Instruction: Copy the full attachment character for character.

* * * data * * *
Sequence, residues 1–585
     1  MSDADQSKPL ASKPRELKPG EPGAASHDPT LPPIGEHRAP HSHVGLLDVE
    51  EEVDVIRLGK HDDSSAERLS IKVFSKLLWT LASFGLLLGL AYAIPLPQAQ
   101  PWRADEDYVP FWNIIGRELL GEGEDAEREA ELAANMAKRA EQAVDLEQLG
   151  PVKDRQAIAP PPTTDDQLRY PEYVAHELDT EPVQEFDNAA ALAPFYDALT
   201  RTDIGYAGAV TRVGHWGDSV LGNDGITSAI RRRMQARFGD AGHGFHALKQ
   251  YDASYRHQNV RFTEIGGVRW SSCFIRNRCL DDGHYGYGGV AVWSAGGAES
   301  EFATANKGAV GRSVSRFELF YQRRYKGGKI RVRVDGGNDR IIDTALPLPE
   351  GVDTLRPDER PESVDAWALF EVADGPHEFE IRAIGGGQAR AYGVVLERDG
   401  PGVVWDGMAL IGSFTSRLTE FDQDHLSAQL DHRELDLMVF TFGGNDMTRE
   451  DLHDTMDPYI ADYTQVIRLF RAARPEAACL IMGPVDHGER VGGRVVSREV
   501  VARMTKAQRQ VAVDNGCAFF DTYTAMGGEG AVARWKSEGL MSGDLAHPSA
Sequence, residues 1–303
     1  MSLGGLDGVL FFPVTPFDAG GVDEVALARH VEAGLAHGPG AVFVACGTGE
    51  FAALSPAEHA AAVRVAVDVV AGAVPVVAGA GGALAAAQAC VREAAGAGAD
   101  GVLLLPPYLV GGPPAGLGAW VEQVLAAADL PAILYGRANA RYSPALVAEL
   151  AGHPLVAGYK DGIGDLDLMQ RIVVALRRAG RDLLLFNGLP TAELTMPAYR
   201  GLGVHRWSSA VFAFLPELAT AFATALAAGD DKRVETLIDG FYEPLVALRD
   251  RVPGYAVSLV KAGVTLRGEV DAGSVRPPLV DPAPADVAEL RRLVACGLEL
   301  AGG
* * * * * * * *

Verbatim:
Sequence, residues 1–585
     1  MSDADQSKPL ASKPRELKPG EPGAASHDPT LPPIGEHRAP HSHVGLLDVE
    51  EEVDVIRLGK HDDSSAERLS IKVFSKLLWT LASFGLLLGL AYAIPLPQAQ
   101  PWRADEDYVP FWNIIGRELL GEGEDAEREA ELAANMAKRA EQAVDLEQLG
   151  PVKDRQAIAP PPTTDDQLRY PEYVAHELDT EPVQEFDNAA ALAPFYDALT
   201  RTDIGYAGAV TRVGHWGDSV LGNDGITSAI RRRMQARFGD AGHGFHALKQ
   251  YDASYRHQNV RFTEIGGVRW SSCFIRNRCL DDGHYGYGGV AVWSAGGAES
   301  EFATANKGAV GRSVSRFELF YQRRYKGGKI RVRVDGGNDR IIDTALPLPE
   351  GVDTLRPDER PESVDAWALF EVADGPHEFE IRAIGGGQAR AYGVVLERDG
   401  PGVVWDGMAL IGSFTSRLTE FDQDHLSAQL DHRELDLMVF TFGGNDMTRE
   451  DLHDTMDPYI ADYTQVIRLF RAARPEAACL IMGPVDHGER VGGRVVSREV
   501  VARMTKAQRQ VAVDNGCAFF DTYTAMGGEG AVARWKSEGL MSGDLAHPSA
Sequence, residues 1–303
     1  MSLGGLDGVL FFPVTPFDAG GVDEVALARH VEAGLAHGPG AVFVACGTGE
    51  FAALSPAEHA AAVRVAVDVV AGAVPVVAGA GGALAAAQAC VREAAGAGAD
   101  GVLLLPPYLV GGPPAGLGAW VEQVLAAADL PAILYGRANA RYSPALVAEL
   151  AGHPLVAGYK DGIGDLDLMQ RIVVALRRAG RDLLLFNGLP TAELTMPAYR
   201  GLGVHRWSSA VFAFLPELAT AFATALAAGD DKRVETLIDG FYEPLVALRD
   251  RVPGYAVSLV KAGVTLRGEV DAGSVRPPLV DPAPADVAEL RRLVACGLEL
   301  AGG